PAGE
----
The latest round of test scores come out today for students in Rhode Island public schools. The annual exam known as the New England Common Assessment Program, or NECAP, covers reading, writing and math.  The results are closely watched by education advocates and policy-makers. One of them is Elizabeth Burke-Bryant from Rhode Island Kids Count.

Another week passes with the usual talk from the Rhode Island political and business elite on economic development. RIPR political  analyst Scott MacKay says its time for some changes in the way Rhode Islanders view our state and ourselves.

A bill to extend binding arbitration to teacher contracts -- which last hit the House floor during the 2011 legislative session -- is coming back to the Statehouse.

Binding arbitration legislation sponsored by state Representative Anastasia Williams (D-Providence) is slated for a House Labor Committee hearing Tuesday (following the House session, or about 4:30/5 p.m.) in Room 201. A vote is not expected to take place following the hearing.

The Providence Journal is losing its excellent education reporter, Jennifer Jordan, who's leaving for a job at an education and economic mobility advocacy group.

Jordan writes in an email to friends and colleagues that she will be a senior writer at Opportunity Nation, a Boston-based coalition of non-profits. The organization's website describes its focus as expanding opportunities for residents of low-income neighborhoods, and fighting the "zip code is destiny" mentality.

State Senator Harold Metts joins us for our Bonus Q+A segment to talk about education policy, disproportionately high unemployment for minorities, and what it's like to be racially profiled while serving in the General Assembly.

Ian Donnis

State Senator Harold Metts (D-Providence) joins the Roundtable this week as we discuss same-sex marriage, efforts to better re-integrate offenders once they leave prison, and new appointees to the state Board of Education.

Ian Donnis

A legislative committee on Wednesday approved four nominees for a combined board overseeing K-through-12 and higher education. But critics still question whether the merged education board is a good idea.

A stream of witnesses touted the commitment to public education of the four nominees. The Senate Education Committee approved each of them by at least 8 of 10 votes.

The Senate Education Committee holds hearings today on nominees for a new State Board of Education. The picks from Governor Lincoln Chafee include teachers' union president Larry Purtill and Colleen Callahan, also a teachers’ union leader, and a member of the former Board of Regents for Elementary and Secondary Education.

State lawmakers dissolved the Board of Regents along with the board overseeing colleges and universities to create a new combined board of education. The move was aimed at improving coordination between higher education and K-12 schools.

Thursday, January 31, 2013

Jan 31, 2013

Heavy winds, heavy rain, and warmer than usual temperatures.  We have an interesting start to  the day.  State education officials are defending standardized test scores as a requirement for high school diplomas. These stories and more on the RIPR Morning News Podcast.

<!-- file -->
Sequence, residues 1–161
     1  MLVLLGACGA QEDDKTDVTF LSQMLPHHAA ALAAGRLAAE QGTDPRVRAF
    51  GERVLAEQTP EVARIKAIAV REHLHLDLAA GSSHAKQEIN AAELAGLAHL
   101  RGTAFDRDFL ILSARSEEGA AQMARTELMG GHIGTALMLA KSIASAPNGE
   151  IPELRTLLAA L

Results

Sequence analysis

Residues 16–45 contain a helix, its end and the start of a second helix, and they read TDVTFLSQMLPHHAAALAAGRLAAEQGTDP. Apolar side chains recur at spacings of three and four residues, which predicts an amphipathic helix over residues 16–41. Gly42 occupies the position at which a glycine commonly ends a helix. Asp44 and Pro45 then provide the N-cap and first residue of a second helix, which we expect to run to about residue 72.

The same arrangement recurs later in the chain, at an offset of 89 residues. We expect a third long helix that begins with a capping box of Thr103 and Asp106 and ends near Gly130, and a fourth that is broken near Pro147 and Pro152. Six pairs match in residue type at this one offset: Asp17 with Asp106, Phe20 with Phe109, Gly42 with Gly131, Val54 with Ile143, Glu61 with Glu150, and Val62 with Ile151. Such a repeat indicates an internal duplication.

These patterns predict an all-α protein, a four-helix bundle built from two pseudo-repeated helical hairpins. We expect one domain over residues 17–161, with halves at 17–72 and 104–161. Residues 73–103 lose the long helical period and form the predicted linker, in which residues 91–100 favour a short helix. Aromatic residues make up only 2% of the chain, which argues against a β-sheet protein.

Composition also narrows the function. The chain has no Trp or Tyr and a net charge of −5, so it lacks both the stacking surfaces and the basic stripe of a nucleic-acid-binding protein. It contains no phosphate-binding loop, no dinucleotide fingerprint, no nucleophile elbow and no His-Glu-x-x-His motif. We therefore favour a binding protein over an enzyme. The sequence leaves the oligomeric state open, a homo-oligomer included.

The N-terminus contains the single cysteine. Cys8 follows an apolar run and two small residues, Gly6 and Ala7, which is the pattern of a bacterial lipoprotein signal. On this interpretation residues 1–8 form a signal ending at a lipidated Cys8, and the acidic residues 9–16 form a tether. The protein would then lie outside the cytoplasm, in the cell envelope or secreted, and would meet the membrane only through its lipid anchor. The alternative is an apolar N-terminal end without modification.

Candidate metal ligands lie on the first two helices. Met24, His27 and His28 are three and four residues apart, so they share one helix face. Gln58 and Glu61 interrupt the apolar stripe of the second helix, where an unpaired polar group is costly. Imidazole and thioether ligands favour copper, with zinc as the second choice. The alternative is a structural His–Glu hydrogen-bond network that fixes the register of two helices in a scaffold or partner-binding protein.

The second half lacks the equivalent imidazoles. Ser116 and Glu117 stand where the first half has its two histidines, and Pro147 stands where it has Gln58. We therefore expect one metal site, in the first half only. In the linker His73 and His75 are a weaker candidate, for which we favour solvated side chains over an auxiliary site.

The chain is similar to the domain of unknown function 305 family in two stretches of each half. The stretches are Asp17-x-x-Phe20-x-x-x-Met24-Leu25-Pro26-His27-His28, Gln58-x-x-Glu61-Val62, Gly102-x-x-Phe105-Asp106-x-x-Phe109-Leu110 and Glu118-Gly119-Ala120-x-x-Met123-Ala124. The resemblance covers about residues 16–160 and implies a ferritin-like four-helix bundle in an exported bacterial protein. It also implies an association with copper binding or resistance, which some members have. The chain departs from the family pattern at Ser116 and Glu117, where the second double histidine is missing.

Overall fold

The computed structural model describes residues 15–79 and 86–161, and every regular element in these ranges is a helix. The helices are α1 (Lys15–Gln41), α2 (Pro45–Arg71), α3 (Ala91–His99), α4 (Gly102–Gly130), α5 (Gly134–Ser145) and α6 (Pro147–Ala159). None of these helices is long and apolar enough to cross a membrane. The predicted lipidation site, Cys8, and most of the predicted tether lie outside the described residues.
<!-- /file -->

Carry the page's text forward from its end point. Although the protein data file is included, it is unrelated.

Do you have insight or expertise on this topic? Please email us, we'd like to hear from you.

State education officials are defending standardized testing as a graduation requirement starting with the class of 2014. Students opposing so-called "high stakes testing" staged a protest yesterday at the Statehouse.

State Education Commissioner Deborah Gist responded by saying her goal is to make sure students finish high school with the right skills for college or a career. If the testing rule took effect this year, 44 percent of seniors would be at risk for not graduating.

Providence Superintendent Susan Lusi
Elisabeth Harrison

Thursday we heard the story of a Providence high school teacher, who ended up teaching a physics class even though her expertise is in history. Providence school officials now say they have hired a physics teacher to takeover the class next week. I asked Providence Superintendent Susan Lusi to explain why the district allowed a history teacher to substitute in a high school physics class.

Do you have insight or expertise on this topic? Please email us, we'd like to hear from you.

Come Tuesday, January 29th, students at Alvarez High School in Providence will have a new physics teacher. You may remember the students went to The Providence Journal last month to complain that instead of having a physics teacher, a history teacher had been teaching their class.

State officials to review school safety

Jan 22, 2013

(PROVIDENCE, RI) The Rhode Island State Senate is holding a hearing Tuesday afternoon on School Safety in the state.    In attendance will be state public safety and emergency preparedness officials along with Education Commissioner Deborah Gist.

This hearing follows the fatal shooting at the Sandy Hook elementary school in Newtown Connecticut last month.  26 students and staff were killed at the school.  In addition the gunman killed his mother and himself.

(PROVIDENCE, RI) Barrington High School students and faculty are raising money to help a high school on Staten Island in the aftermath of Superstorm Sandy. So far, they’ve raised thousands of dollars.

A new program at the Providence After School Alliance (PASA) pairs high school students with middle schoolers, on the theory that a mentoring relationship with an older student might discourage dropping out.

PASA organizers say they are focusing on 8th graders, who often face a tough road when they transition from middle school into high school. Just 66 percent of Providence students graduate from high school within four years.